Reclaiming Quarterly Web Features Back Issues Subscribe Ads/Submissions Site Index Reclaiming Home

**Download the Aspecting Theme Section as a single PDF file**

Personal Accounts of Aspecting

by Sage and Ortha Splingaerd

My Wrangler Spared Me a Mosquito Feast — Sage

I was aspecting the ancient, primal, snake Goddess. During a moment when ritual participants were busy in small groups, I was to come to the center and simply "be" there. Ritual planners were open to whatever way this being was going to express itself. We knew that what we were after was very ancient, and might not be very chatty!

A close friend and fellow priestess was to be my "wrangler." She was interested, I think, in being with the energy as it emerged — one of the "perks" of doing the wrangler work.

I was nervous. I had a real "sense" of this Being, but had never aspected It/She/He/They before. The feeling of raw, primal force was intimidating. I worked to clear myself, to get over my anxieties and my fear of looking like an idiot — feelings that would get in the way of bringing this energy through me.

Well, it worked. The Snake Goddess was powerful, raw, and primal. Its presence in the ritual was a transformative piece of deepening and moving the magic forward for many participants.

But that's not the part of the aspecting that people talked about afterwards. What they remembered was that my eyes seemed to have moved around to the sides of my head. The Snake Goddess was fascinated by all the mosquitoes. My wrangler struggled with whether to allow me to follow the aspect's instincts and zap out a four foot, forked tongue at the mosquitos, or to intervene, encouraging me to simply notice the mosquitoes and move on.

Luckily (for the sake of our friendship!), my wrangler sacrificed the delight of watching me materialize a snake's tongue and chow down on mosquitos, and guided my attention back to the ritual.

Personal Boundaries and Negotiation Skills — Sage

I was to aspect the Faery Queen, simply to be present and to witness the ritual that unfolded. Beforehand, I spent time explaining to the Faery Queen what we were asking of Her. However, I hadn't bargained on how uncomfortable it was for Her to be in the claustrophic, airless, and ugly indoor space in which the ritual took place.

My wrangler and I arrived before the participants to set up a place for the Faery Queen to sit. We had to create a small area that was "Her Realm" in order for Her to be able to tolerate being indoors at all. Once the ritual began, she found the humans bizarre and somewhat annoying.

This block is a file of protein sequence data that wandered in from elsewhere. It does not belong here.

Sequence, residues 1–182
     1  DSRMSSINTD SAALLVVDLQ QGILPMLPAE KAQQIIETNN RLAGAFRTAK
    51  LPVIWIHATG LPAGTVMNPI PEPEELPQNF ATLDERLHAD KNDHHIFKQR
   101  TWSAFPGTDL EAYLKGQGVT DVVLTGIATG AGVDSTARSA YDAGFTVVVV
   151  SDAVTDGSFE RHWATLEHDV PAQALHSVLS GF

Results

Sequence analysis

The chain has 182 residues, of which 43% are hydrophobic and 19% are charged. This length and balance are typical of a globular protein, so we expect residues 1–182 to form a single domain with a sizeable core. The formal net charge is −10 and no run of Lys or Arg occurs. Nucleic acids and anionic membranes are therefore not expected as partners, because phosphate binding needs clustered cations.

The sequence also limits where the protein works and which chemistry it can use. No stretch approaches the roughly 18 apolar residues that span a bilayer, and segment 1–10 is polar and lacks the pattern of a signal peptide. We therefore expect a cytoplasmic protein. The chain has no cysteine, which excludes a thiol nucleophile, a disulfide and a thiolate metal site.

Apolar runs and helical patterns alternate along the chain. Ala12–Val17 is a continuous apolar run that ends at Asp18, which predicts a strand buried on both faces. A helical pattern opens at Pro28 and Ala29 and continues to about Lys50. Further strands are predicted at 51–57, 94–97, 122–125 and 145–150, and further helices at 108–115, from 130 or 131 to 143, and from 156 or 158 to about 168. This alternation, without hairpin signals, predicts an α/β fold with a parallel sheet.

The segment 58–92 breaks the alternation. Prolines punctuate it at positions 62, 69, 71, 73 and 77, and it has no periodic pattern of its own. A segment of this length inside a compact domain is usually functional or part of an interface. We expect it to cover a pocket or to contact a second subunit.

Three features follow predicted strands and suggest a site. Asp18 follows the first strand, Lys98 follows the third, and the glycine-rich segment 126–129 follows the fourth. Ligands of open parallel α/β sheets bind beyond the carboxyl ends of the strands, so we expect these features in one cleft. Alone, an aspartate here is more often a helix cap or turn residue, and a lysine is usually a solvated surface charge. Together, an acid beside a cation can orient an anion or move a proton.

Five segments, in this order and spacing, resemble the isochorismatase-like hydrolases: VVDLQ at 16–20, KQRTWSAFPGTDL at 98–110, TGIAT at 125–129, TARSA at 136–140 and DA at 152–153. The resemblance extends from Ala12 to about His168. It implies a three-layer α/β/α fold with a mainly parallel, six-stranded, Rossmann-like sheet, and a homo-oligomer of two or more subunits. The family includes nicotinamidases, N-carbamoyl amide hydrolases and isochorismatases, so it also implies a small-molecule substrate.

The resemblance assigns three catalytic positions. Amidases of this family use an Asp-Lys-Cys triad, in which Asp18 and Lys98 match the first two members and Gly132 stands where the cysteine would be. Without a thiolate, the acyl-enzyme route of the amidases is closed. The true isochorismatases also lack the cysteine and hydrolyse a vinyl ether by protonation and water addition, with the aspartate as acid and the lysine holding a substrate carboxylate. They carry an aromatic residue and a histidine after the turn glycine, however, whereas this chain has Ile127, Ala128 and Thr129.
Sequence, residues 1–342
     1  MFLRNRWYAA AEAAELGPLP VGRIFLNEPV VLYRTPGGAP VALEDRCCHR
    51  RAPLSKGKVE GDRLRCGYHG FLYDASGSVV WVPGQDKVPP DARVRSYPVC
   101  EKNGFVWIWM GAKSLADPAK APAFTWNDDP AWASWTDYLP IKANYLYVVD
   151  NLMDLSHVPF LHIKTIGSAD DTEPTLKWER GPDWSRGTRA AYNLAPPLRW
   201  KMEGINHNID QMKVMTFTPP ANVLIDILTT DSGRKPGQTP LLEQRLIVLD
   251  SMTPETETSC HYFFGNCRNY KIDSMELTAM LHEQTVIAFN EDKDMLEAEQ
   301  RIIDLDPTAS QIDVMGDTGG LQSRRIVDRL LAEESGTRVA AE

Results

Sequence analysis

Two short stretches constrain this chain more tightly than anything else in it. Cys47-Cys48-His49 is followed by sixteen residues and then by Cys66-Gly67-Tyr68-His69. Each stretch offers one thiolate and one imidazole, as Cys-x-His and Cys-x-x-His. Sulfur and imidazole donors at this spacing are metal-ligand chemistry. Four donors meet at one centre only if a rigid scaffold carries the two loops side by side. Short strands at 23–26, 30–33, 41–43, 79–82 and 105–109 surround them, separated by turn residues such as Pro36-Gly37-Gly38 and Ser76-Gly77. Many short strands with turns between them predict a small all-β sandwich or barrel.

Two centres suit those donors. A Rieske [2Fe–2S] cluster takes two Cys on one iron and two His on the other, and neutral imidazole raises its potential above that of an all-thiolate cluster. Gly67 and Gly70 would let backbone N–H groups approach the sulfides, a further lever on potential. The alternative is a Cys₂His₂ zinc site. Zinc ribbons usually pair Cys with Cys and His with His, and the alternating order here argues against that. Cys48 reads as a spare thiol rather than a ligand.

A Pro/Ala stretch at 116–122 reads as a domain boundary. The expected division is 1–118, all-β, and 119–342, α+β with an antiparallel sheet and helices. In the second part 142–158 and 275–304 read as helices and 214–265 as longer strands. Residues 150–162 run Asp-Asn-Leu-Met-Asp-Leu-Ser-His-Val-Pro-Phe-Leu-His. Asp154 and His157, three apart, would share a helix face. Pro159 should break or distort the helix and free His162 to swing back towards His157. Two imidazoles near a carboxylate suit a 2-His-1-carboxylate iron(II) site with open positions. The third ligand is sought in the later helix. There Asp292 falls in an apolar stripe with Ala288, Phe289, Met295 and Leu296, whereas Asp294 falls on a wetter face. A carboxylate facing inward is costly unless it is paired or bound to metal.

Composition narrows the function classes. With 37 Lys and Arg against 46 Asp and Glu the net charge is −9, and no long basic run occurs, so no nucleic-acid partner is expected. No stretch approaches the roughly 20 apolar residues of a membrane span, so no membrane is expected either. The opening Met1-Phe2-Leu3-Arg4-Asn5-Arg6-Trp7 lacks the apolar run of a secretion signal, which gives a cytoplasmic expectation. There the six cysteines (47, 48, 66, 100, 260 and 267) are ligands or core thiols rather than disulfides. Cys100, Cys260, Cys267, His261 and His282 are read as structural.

It really got tricky when one of the ritual participants went dashing from one side of the room to another and ran right through Her Realm.

The Faery Queen was outraged. She went on a tirade about how insensitive and blundering humans were. How we trampled through the wild spaces, destroying mindlessly, etc. etc. Then She decided that this was the last straw and that this human must be killed to serve as a lesson for all the rest.

All of this was going on internally. All that was visible to others was a high degree of agitation. She and I (using all the priestessing skills I could muster) argued back and forth. It felt like a tremendous battle of energies within me.

Eventually I was able to share what was going on with my wrangler, and she was an enormous help. Finally, the priestess in me prevailed. No murder was committed, and relations with Her Realm weren't severed.

Later in the ritual someone came to the Faery Queen in terrible distress. She offered some of the most compassionate and loving healing I've ever had the honor of sharing.

The Music Imbedded in the Building Itself — Ortha Splingaerd

Ortha particpated as an anchor in the Spiral Dance last Fall. These are her reflections on the experience.

I was given the choice of sitting near the North Altar or the East Altar. No choice for me. North it was. I'm comfortable with mountains, caves, rocks, the geographic north, and darker colors (although I hadn't thought ahead that I'd also be surrounded by everyone's ancestor photos!)

The dead themselves didn't intrude, but Susan, my tender, found it difficult to keep people from walking on me as they viewed the altar.

As I anchored, the image that came to me was the anchors as three Selket guardian Goddesses with our arms outstretched around the Spiral Dance. Selket was the gold statue in King Tut's tomb, defying anyone to disturb the contents of the canopic shrine which held King Tut's liver, lungs, stomach & intestines. For me, she looks eerily similar to Liz Taylor in "Cleopatra". She's also a Scorpion Goddess and helps women in childbirth. She was depicted as binding up demons that would otherwise threaten Ra.

I got a bit geometric at one point. The Spiral Dance itself was essentially round; the building was rectangular, and the three anchors made a triangle around the whole thing which then increased our size dramatically in order to encompass everything. On several occasions this put me above the city, and I was looking down at Fort Mason. Selket kept me very grounded.

When we were big we were like the Colossus of Rhodes, with our feet in the water, standing on the floor of the Bay.

Then what came to me was music, incredible music, separate from what was going on in the ritual. I began thinking about what music was imbedded in the building itself. This music lasted several minutes, then faded...

Ortha Splingaerd owns and manages a travel agency in San Francisco. Her abstract acrylic paintings can be viewed on her website,